Sun Devils falter at home again in conference playby Andrew Bagnato on Jan. 23, 2006, under Sports
The Arizona Republic
By ANDREW BAGNATO
The Arizona Republic
TEMPE – Something had to give in the Arizona State-Stanford men’s basketball game Saturday night.
The Sun Devils hadn’t won a Pac-10 home game.
The Cardinal hadn’t won a Pac-10 road game.
Someone’s luck had to change, and if you’ve followed the Sun Devils this season, you might guess it wouldn’t be theirs.
In their latest gut-wrenching home loss, the Sun Devils fell 70-64 in front of 7,386 spectators in Wells Fargo Arena, their fourth straight home loss in Pac-10 play.
The Sun Devils (7-10, 1-7 in Pac-10) blew an eight-point second-half lead and made only three field goals in the final 12 minutes.
“We need to figure out how to close out games,” point guard Antwi Atuahene said.
ASU’s seasonlong run of misfortune continued when Jeff Pendergraph, who had a team-high 14 first-half points on 7-of-8 shooting from the floor, sprained his right ankle late in the first half. He did not return.
“He came out, and he was a horse,” freshman Sylvester Seay said.
But Stanford had a stallion, forward Matt Haryasz, the senior from Page High School who chose the Cardinal over ASU. Two nights after he scored a career-high 25 points in an overtime loss at Arizona, Haryasz dropped 27 on the Sun Devils and also pulled down a game-high 10 rebounds.
Haryasz, whose parents, sister and hometown friends were in the seats, was the last player to enter the Cardinal’s dressing room. When he stepped in the door, a cheer went up from his teammates.
“It feels awesome,” Haryasz said. “This is a special game for me. To go out of ASU with a win my last time coming through is nice. That’s pretty special for me.”
For Stanford, this shaped up as a virtual must-win. Coming to town with an unsightly 140 RPI, the Cardinal (8-7, 4-3) need to start stacking wins to draw an NCAA Tournament berth for the 12th straight year.
ASU came in looking to rebound from an 88-58 loss to California on Thursday night, which matched the worst loss in coach Rob Evans’ eight years in Tempe. Evans, looking for a spark, gave Seay, a freshman, his first career start.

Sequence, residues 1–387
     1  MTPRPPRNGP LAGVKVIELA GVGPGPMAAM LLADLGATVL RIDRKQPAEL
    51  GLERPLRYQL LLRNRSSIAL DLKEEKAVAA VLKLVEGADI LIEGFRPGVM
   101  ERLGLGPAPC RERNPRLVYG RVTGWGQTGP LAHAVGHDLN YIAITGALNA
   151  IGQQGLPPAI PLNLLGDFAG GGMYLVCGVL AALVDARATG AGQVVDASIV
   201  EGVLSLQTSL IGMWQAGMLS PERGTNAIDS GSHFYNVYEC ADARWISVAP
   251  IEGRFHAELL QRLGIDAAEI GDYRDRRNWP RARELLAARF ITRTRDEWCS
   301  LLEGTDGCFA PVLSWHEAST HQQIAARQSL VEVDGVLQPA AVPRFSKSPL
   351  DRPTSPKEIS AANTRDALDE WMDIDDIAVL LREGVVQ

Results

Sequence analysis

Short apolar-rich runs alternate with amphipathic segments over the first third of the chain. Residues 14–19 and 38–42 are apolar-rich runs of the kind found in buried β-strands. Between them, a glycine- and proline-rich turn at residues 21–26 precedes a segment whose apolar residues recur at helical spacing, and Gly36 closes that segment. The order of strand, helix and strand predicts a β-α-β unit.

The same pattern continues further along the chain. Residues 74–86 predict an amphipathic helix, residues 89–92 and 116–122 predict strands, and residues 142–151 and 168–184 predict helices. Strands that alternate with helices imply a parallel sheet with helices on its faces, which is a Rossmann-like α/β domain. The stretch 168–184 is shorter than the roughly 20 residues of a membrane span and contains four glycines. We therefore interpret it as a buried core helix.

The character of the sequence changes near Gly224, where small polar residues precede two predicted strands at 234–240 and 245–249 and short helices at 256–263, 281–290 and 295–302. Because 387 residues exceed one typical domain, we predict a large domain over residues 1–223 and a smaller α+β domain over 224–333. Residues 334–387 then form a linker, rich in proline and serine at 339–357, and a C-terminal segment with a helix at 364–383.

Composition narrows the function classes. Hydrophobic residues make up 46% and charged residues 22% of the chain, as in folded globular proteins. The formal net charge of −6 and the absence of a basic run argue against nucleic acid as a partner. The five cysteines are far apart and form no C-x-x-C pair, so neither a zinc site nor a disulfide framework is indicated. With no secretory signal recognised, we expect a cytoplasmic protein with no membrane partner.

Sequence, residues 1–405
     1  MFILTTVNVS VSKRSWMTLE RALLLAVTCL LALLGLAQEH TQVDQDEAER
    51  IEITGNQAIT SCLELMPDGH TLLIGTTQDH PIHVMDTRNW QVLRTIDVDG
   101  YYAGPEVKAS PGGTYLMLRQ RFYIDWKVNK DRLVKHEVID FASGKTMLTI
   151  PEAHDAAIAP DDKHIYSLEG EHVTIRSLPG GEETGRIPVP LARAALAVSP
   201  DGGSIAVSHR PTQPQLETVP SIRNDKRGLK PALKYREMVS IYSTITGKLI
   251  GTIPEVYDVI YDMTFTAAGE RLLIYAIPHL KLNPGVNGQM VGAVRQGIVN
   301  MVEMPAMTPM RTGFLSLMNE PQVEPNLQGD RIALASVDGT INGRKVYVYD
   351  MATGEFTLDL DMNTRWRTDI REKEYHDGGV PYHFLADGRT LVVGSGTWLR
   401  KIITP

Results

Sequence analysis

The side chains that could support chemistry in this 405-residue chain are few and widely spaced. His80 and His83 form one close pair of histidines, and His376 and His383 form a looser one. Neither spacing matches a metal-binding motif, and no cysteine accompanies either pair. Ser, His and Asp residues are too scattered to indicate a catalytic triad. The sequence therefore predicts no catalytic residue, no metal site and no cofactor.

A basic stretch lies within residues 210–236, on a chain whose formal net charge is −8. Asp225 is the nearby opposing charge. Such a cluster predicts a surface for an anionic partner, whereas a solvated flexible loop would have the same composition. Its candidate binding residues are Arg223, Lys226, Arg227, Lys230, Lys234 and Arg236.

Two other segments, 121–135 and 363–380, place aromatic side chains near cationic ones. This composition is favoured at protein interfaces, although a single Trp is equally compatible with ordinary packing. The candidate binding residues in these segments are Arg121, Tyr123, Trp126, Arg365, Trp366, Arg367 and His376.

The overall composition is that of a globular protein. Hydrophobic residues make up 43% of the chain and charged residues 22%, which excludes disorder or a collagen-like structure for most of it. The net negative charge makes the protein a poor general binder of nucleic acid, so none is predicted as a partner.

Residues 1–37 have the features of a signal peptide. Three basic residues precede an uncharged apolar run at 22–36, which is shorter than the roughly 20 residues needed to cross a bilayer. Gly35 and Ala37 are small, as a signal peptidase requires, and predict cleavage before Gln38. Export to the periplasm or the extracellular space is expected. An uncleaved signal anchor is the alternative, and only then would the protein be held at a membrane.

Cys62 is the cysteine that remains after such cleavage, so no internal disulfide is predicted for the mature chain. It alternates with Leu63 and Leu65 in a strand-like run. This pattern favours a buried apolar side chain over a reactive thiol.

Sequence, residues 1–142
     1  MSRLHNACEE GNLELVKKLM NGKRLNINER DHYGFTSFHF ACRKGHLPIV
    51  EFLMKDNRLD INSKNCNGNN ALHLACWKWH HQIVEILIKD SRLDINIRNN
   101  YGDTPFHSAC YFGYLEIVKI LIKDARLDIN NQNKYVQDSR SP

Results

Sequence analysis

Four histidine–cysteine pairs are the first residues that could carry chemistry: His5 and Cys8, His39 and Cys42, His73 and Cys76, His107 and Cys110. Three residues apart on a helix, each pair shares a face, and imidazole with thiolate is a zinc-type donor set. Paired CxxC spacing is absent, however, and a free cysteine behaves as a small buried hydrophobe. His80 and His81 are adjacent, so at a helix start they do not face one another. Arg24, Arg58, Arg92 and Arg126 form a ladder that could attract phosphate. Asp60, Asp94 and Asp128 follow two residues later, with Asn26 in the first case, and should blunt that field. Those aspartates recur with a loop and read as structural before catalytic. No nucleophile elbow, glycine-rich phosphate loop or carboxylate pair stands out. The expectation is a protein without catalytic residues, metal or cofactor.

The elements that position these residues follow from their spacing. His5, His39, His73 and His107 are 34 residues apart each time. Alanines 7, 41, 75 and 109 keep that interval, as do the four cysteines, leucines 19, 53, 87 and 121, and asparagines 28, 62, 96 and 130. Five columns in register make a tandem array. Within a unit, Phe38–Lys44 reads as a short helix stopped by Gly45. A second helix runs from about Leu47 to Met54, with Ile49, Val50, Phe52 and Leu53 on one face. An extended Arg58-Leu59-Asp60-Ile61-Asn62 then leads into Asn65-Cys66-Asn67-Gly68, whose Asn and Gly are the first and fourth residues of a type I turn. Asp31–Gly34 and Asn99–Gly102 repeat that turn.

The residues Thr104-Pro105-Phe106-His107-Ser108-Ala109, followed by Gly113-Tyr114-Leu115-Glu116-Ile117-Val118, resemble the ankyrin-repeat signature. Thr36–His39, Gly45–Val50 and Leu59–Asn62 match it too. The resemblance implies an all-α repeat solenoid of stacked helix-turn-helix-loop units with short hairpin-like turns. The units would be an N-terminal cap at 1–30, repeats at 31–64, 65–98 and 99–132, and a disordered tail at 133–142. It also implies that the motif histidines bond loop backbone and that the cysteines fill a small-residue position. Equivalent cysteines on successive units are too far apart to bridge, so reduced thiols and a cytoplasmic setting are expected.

“I expected us to come out with a lot of fire today,” Atuahene said. “What happened Thursday night was pretty much an embarrassment.”
ASU’s effort was solid, and Seay provided plenty of energy. But the Sun Devils couldn’t stop Haryasz, who ranks fourth in Pac-10 scoring (17.7 points per game) and leads in rebounding (8.9 per game).
The Sun Devils opened up a 48-41 lead with 11 minutes to go. That’s when Haryasz went to work. First he hit a couple of free throws, then scored on a fast-break dunk and three jump shots.
By the time he was finished, Stanford had a 55-54 lead with six minutes to play. ASU would tie the game three times down the stretch but never led again.
No. 10 Washington 78, Oregon 59: At Seattle, Jamaal Williams scored 20 points, Brandon Roy scored 19, and Bobby Jones added 15 as Washington’s three seniors sparked a win.
It was only the fifth time in 18 games the seniors were the top three scorers for Washington (16-2, 5-2 Pac-10), which also starts two freshmen.
The Huskies, who moved into a tie with UCLA for the top spot in the Pac-10, have won four straight conference games since stunning consecutive losses at home to Arizona and Washington State. And the national scoring leaders, averaging 87.3 points per game coming in, finally cracked 70 for the first time in three games.
No. 12 West Virginia 60, No. 24 UCLA 56: At Los Angeles, Mike Gansey scored 24 points, and West Virginia survived a furious rally by the Bruins.
The Mountaineers (14-3) led by 20 points early in the second half but saw their lead shrink to three in the final 2 minutes.
The Bruins (15-4) missed 3-pointers by Arron Afflalo and Jordan Farmar, then Farmar had the ball stripped by Gansey, who got fouled and hit a free throw before time expired.
Oregon St. 59, Washington St. 50: At Pullman, Wash., Chris Stephens scored 23 points to lead Oregon State.
Wesley Washington, making his first start for Oregon State (10-8, 3-4 Pac-10), had season highs of 10 points, five rebounds, three assists and two blocked shots.
Robbie Cowgill had 13 points, seven rebounds, three steals and two blocks for Washington State (9-7, 2-5). Kyle Weaver added 12 points, eight rebounds, five assists and two steals for the Cougars, who have lost four straight.